Although art is seriously undervalued in American society, it plays a pivotal role in how we feel. In a 2011 study conducted by the University of London, researchers found that, when subjects looked at a beautiful painting, the blood flow to the “joy response” part of the brain increased by 10% — the same effect experienced when you look at a loved one.
Not everyone is equally moved by the same type of art, of course. Some styles are more universally pleasing. While one person is drawn to impressionistic art, others may enjoy realism. But for many folks, there’s nothing quite like the joy they experience when they watch a cartoon or a Disney animated feature.
Disney and Pixar have made some recent strides in terms of inclusion and representation on screen. The Princess and the Frog and Moana were both quite successful, and they’ve made efforts to make their casts more diverse as of late. In addition, Pixar will release its Mexican-themed Coco in November. But even though they’re attempting to show more minorities in their films, these animation studios haven’t always been inclined to represent their black animators in the same way.
In fact, it wasn’t until this past fall that legendary Disney animator Floyd Norman started to get the recognition he deserved. Norman first joined the company as Disney’s first black animator in 1959. While at Disney, he worked on some of the studio’s most iconic films like Sleeping Beauty, 101 Dalmatians, and The Jungle Book. He also contributed his talents to more modern box office giants like Toy Story 2 and Monsters, Inc..
A writer and comic book artist to boot, Norman was the subject of a popular Netflix documentary, Floyd Norman: An Animated Life, in 2016. The film highlighted Norman’s immense skills and experiences working for the Mouse, and provided unique insight into the life of an African-American artist.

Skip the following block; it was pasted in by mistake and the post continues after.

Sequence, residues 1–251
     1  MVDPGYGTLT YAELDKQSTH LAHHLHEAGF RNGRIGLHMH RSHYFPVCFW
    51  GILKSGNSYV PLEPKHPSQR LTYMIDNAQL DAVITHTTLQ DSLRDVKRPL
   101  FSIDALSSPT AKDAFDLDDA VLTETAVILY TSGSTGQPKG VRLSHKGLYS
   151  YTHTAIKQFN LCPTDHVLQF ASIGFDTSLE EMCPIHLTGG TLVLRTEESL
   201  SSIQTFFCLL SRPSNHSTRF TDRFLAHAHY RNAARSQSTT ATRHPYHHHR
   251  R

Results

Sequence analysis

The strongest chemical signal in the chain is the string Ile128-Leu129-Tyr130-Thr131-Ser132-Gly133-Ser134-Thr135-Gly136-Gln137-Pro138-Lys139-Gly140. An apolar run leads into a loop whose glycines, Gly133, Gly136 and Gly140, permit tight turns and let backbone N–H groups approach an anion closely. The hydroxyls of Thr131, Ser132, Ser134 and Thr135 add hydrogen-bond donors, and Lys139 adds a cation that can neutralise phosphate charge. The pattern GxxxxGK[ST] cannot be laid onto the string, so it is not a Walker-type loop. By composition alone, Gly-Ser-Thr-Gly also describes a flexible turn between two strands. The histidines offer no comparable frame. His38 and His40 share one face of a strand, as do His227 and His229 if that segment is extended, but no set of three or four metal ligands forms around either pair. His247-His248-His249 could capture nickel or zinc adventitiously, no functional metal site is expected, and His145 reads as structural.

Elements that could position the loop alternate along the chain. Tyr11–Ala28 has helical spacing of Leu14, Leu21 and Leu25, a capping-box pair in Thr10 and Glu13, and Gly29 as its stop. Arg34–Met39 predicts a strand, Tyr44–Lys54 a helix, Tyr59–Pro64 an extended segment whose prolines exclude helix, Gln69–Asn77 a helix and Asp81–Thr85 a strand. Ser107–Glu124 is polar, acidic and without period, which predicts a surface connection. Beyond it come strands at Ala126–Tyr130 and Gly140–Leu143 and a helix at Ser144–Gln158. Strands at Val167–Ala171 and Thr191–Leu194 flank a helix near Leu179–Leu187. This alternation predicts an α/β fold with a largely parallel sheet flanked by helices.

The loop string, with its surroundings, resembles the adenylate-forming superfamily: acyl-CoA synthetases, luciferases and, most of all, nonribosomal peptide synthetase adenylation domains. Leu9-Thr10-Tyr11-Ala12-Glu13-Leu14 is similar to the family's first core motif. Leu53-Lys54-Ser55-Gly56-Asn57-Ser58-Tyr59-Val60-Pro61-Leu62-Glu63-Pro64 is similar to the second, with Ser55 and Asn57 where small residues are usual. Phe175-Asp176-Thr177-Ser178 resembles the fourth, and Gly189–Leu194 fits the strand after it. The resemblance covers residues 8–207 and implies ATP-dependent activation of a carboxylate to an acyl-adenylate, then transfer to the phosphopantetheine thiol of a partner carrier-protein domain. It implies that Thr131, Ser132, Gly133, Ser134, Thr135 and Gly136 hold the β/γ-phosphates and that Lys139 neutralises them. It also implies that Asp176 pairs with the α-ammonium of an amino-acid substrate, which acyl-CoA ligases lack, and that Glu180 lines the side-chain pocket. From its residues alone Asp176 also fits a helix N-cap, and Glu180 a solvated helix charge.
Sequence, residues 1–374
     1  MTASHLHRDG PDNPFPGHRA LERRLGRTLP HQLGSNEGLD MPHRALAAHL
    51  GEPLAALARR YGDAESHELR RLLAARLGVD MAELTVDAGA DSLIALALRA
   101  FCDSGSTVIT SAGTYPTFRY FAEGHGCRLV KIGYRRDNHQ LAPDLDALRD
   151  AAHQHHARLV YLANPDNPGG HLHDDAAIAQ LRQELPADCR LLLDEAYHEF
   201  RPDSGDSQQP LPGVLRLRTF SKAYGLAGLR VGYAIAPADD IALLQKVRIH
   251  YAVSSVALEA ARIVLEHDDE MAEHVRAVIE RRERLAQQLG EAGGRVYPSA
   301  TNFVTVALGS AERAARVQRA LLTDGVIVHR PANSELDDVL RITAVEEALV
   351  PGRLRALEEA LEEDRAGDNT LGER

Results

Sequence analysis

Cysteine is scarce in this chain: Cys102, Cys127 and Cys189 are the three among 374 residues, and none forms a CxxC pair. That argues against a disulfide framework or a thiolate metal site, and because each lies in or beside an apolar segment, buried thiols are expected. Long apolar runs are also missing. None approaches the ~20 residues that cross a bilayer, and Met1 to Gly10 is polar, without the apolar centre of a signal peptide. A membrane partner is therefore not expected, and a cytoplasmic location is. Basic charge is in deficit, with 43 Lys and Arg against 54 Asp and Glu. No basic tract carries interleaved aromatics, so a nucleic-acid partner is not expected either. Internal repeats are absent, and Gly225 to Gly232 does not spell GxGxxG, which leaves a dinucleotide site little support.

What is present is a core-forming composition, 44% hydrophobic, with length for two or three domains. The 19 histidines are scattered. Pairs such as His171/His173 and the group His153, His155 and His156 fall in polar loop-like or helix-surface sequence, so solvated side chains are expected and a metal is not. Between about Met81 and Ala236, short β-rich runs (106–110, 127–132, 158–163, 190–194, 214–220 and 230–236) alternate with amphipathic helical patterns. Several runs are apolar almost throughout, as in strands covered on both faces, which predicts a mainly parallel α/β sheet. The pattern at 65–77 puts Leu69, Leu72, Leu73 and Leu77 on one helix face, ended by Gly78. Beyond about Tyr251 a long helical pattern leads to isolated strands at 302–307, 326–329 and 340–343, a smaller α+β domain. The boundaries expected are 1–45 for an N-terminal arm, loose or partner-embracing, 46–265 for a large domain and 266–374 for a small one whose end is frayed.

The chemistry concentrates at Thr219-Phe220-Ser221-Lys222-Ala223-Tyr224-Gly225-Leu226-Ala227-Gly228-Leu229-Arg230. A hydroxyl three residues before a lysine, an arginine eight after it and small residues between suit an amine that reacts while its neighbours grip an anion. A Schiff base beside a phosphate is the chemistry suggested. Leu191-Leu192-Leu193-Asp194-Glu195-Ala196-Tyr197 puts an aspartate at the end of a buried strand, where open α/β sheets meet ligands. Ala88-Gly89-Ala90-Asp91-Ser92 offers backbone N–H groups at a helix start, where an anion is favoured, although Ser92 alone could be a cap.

Although Disney tried to force Norman to retire when he turned 65, he fought back, saying he’d like to be kept on as a freelancer. Now, at age 81, he still contributes to the studio, but he’s also embracing other ventures.
Norman has partnered with fellow black animator Leo Sullivan — best known for his work on The Flintstones, Scooby-Doo, “Hey, Hey, Hey, It’s Fat Albert,” and Warner Brothers’ Tiny Toons — to form a new animation studio.
Punch TV Studios, formerly the Urban Television Network, is launching an animation division focused on creating animated TV series and movies for syndication. At Punch Animation, Norman will serve as President of Creative Development, while Sullivan will take on the role of Chief Operating Officer.
With a combined 100 years of experience in the field, the pair is eager to take on this new adventure. Punch Animation said in a press release that the studio is already coming up with concepts for licensing and worldwide distribution.
While it’s taken quite a while for these black innovators to be recognized on a large scale for their talents, both the young and the young-at-heart will likely be captivated by their projects and ideas for years to come.